Expiration tracking made easier
Manual tracking causes fewer accounting errors.
8. 6 Sigma
This data-driven strategy, also known as Six Sigma, intends to minimize product defects to 99.99966 percent defect-free products over time, or 3.4 defective parts per million.
Six Sigma practitioners use statistical models to develop and enhance a company's production process until it reaches the Six Sigma level.
DMAIC, which stands for define, measure, analyse, improve, and control, is a five-step procedure that is commonly used.
The DMAIC process creates a cycle of continuous improvement in manufacturing procedures by combining data and quantifiable targets. DMAIC is effective for improving existing processes, whereas DMADV is used by Six Sigma to create new processes, products, or services.
Define, measure, analyse, design, and verify are the acronyms for define, measure, analyse, design, and verify.
It serves as data and in-depth analysis to assist you in developing efficient procedures or a high-quality product or service.
9. Lean Six Sigma
Lean Six Sigma combines with Six Sigma with lean manufacturing to build a comprehensive system that eliminates waste and minimises process variation in order to streamline production and improve product output.
Six Sigma processes are the backbone of Lean Six Sigma, which is intended to deliver focused improvements in production. Many tools and approaches from the lean approach are also used to decrease inefficient procedures and steps.
10. Consignment Inventory
A seller or wholesaler, known as a cosigner, agrees to give their goods to a cosine e, most typically a retailer, without the store paying for the items up front. The products remain the cosigner's property, and the cosigner is only charged when the things are sold.
As long as both parties are ready to share the risks and profits, this is a win-win situation.
Low inventory carrying costs, direct distribution to retailers, and new markets are all benefits for vendors. Retailers benefit from decreased costs of ownership, less risk, and enhanced cash flow.
11. Perpetual Inventory Management
Perpetual Inventory Management is frequently referred to as a continuous inventory system. Permanent inventory systems keep track of sold and stocked inventory in real time, automatically updating your accounting system whenever a sale is made, new inventory is received, or inventory is used.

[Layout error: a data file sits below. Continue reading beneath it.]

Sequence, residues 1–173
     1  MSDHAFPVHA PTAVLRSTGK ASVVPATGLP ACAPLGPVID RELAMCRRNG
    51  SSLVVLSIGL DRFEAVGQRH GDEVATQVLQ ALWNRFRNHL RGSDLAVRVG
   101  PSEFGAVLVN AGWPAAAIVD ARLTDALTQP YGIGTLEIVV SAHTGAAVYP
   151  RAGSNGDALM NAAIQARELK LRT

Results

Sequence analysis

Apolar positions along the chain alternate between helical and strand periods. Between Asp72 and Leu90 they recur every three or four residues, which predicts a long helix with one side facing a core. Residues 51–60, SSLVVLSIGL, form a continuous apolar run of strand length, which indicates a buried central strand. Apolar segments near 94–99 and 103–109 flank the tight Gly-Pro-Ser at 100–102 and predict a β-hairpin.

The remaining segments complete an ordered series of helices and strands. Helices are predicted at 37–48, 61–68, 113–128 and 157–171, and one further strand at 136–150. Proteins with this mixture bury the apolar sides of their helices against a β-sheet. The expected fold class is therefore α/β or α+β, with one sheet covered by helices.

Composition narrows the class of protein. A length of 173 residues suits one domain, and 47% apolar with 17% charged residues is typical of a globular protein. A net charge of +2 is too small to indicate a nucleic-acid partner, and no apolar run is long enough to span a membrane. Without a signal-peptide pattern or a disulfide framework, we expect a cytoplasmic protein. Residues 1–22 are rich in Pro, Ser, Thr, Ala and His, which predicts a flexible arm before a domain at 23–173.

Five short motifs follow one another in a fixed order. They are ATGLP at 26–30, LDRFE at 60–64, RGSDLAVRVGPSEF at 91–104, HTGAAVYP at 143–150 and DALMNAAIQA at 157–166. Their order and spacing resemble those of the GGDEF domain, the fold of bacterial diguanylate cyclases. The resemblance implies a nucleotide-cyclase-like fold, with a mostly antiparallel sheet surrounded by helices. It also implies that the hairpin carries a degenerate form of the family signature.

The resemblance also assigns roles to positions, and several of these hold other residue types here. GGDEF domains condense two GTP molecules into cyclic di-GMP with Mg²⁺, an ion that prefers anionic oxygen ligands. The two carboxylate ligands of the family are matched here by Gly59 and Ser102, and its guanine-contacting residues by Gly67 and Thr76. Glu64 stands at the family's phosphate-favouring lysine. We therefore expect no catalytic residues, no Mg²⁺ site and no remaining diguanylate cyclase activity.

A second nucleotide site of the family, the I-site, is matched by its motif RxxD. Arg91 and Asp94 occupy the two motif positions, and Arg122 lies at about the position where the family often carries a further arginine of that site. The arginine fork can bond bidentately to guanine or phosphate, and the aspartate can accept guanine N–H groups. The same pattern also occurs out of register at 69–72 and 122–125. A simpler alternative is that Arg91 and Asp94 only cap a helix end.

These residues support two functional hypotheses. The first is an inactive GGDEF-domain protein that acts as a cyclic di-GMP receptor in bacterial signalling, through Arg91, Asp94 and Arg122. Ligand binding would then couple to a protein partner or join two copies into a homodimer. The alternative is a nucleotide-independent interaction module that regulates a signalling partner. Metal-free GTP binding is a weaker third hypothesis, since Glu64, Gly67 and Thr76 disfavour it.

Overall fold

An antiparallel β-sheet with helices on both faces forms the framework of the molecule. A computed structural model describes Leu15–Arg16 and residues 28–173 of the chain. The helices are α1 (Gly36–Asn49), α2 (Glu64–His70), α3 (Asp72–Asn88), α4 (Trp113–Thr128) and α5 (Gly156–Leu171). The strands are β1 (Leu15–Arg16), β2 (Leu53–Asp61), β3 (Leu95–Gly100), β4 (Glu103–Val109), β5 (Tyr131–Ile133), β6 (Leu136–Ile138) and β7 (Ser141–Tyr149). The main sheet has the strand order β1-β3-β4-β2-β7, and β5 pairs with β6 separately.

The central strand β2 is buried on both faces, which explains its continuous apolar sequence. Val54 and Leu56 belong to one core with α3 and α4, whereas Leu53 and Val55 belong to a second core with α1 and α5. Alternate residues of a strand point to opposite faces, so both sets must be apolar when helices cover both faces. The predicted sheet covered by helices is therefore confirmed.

This data is delivered to a central hub, where authorised staff can view it at any time. This system's benefits include the capacity to handle several sites swiftly, more accurate forecasting, and proactive inventory turnover tracking.
12. Demand Forecasting
The technique of projecting what your consumers will buy, when they will buy it, and how much of it they will buy is known as demand forecasting.
You can use a variety of informal ways, such as guessing, or quantitative methods, such as analysing previous sales data.
Whether you're using demand forecasting to plan production, enter a new market, or manage inventory, it'll help you make smarter decisions for managing and expanding your firm.
The following are some of the best demand forecasting practises:
Creating a monthly process that can be repeated
Choosing what to measure and how frequently to measure
Bringing data from all of your sales channels together
Updating and maintaining real-time data
Determine the appropriate inventory management system for your firm based on company data and goals. Then, to get the most out of it, make sure you have the tools you'll need to make it as simple as possible.
Inventory Management is an important aspect of every firm. With a good inventory management system in place, the company may save money on warehousing, inventory carrying, ordering, and obsolescence charges, among other things. It improves the company's supply chain. Managers can predict the amount of production at which they will need to place fresh inventory orders. As a result, businesses should take all necessary precautions to ensure that their inventory management and control systems are up to date.